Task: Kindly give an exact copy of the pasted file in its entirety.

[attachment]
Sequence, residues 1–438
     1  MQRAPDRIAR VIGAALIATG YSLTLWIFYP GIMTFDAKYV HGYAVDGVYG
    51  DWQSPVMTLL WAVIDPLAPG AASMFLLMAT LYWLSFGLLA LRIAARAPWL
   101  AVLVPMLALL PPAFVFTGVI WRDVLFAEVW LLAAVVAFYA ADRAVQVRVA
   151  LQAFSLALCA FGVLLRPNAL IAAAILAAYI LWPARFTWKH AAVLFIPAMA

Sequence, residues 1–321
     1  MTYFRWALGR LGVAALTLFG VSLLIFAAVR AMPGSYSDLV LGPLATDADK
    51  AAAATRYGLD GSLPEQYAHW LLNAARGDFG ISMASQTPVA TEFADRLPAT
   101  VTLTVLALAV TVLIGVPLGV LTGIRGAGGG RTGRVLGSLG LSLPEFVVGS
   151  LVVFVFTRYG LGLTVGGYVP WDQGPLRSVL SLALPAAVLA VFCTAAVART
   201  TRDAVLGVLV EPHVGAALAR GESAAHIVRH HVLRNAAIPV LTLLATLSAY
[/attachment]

Sequence, residues 1–438
     1  MQRAPDRIAR VIGAALIATG YSLTLWIFYP GIMTFDAKYV HGYAVDGVYG
    51  DWQSPVMTLL WAVIDPLAPG AASMFLLMAT LYWLSFGLLA LRIAARAPWL
   101  AVLVPMLALL PPAFVFTGVI WRDVLFAEVW LLAAVVAFYA ADRAVQVRVA
   151  LQAFSLALCA FGVLLRPNAL IAAAILAAYI LWPARFTWKH AAVLFIPAMA

Sequence, residues 1–321
     1  MTYFRWALGR LGVAALTLFG VSLLIFAAVR AMPGSYSDLV LGPLATDADK
    51  AAAATRYGLD GSLPEQYAHW LLNAARGDFG ISMASQTPVA TEFADRLPAT
   101  VTLTVLALAV TVLIGVPLGV LTGIRGAGGG RTGRVLGSLG LSLPEFVVGS
   151  LVVFVFTRYG LGLTVGGYVP WDQGPLRSVL SLALPAAVLA VFCTAAVART
   201  TRDAVLGVLV EPHVGAALAR GESAAHIVRH HVLRNAAIPV LTLLATLSAY